How to draw and paint Mecha concept art. Since I haven’t really done any Mech Mecha or Robot concept sketch in a while. I think it’s about time. Since most of the earlier stuff on the blog are really quick, rough and sketchy, especially most of the mech sketches. Like some of the previous video tutorial. This time I decide to give it a little more time to make it more refine concept to it. But it will take a while. So here are step by step I start from initial sketch idea.
I try as much as I can to finish it up this weekend but unfortunately…I can only find a few hours to play with it. I amped up the Machine gun, changed and tweak the design a little bit on the bottome half. It’s been a really fun session creating mech since I haven’t really done a full launched Mecha in a long while. A few more painted session then I think I will call it done.
ART tips: Talent is often overrated, and often deceive you. Whether you have it or not, forget that it’s there. Practice, practice, and practice is only one sure way I know will make me the better artist.
Here is a final image of Mecha robot concept art
As for the pose, it’s very generic since most conceptual intend is to be able to see or expose visually it’s appearance. Maybe in a later ones, I will try to do more of a cinematic composition or visual story panel style…so that they will be more action and interesting pose.
But here is the process Drawing and Painting Mecha
Step 1, Thumbnail…(do about 8-10 then pick one)
Step 2, Flesh your thumbnail out a bit.
From the very sketchy thumbnail composition last time, now I am going to the stage of what we usually called under-painting. At this stage, I am just focusing on the BIG shapes or the big elements of the Mech Concept’s geometry form (forget the tiny bitty little detail for now). Focus on the main shape of the object and the direction of the light. And if there is under lighting, look out for that too.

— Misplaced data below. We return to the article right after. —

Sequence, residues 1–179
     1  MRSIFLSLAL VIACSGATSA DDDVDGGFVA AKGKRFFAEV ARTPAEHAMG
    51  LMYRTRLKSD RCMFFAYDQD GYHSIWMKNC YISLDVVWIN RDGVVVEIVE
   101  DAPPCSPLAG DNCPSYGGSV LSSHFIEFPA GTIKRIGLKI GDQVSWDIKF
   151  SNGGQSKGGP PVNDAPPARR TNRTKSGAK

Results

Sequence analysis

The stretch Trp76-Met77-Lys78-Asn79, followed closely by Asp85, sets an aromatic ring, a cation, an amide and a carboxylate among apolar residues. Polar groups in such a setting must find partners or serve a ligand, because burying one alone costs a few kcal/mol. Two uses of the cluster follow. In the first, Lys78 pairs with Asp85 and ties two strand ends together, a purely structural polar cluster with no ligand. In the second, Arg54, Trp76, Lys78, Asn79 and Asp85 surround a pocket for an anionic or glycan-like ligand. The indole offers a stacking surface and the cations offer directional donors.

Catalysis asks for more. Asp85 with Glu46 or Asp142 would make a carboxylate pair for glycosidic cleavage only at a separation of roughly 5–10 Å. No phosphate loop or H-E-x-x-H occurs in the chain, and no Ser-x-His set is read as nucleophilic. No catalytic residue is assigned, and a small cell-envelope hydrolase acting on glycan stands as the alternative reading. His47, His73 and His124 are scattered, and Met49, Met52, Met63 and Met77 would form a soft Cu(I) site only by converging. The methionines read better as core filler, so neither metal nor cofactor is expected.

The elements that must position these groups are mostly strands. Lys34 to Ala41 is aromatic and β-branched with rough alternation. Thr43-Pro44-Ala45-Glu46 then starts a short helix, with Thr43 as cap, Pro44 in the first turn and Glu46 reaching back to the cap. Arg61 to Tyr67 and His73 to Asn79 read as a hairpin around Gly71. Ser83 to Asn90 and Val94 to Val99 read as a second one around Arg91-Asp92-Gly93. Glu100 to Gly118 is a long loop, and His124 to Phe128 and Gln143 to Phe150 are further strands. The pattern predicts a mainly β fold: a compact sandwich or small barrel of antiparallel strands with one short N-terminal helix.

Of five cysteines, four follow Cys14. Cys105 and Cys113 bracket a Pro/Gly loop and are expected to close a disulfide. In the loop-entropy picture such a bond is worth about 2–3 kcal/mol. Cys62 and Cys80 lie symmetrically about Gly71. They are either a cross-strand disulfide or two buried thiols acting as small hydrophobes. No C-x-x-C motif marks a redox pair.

As for this image, I am shooting for finished shiny yellow color coat over metal, similar to somewhat like a yellow sport car or something of that sort. But nothing is set in stone at this point, since now I have to overall shape paint…I can still tweak the material or some of the pose if I need to (thanks to digital painting).
**I’m still not sure about the machine gun hand direction. The way it’s position is more like a soldier holding an machine gun rather than the actual Mecha would hold it’s own machine gun hand.
Note on the update: I decided yellow probably isn’t going to work in this design because I want a little more dramatic lighting effect for this particular drawing, painting, color concept design. So I will have to go with the off-white color (white to light gray). White would probably look slicker anyway in this particular design (kinda remind us of big airplane and such).
I will have to change it from yellow to gray or something similar.
Goto: Top menu in PS –> Layer –> New Adjustment Layer –> Color Balance
Here is a video tutorial that has similar process
You can use this tool to change and tweak your lighting however you like them to be.
Good rule to go by is…Cool light warm shadow vs Warm light cool shadow (Tips here -Color temperature warm vs cool for artist).
So I adjust Midtone then Highlight and Shadows until I get the yellow to change to off white color. Because I want to make underlight more dramatic that why I choose to go with the new color for the Mecha robot.
-Then, I decide to add the pilot cockpit onto its mid-section, figure it would make sense and it would definitely show the scale of the robot that we (human) can related to.
-Also I get a rid of the rectangular shapes on its shoulder. Because there is only one (two vents) regtangular element and the rest of the design are mostly round. So I decided to round it out with some sort of turbine jet engine look alike for vents to maintain the repetitive shape (consistency in design). ***there are some exceptions sometimes***
After all the changes, I think it looks a lot better and closer to what I am aiming for. **The off-white really does bring out the blue sky and the under-lighting effect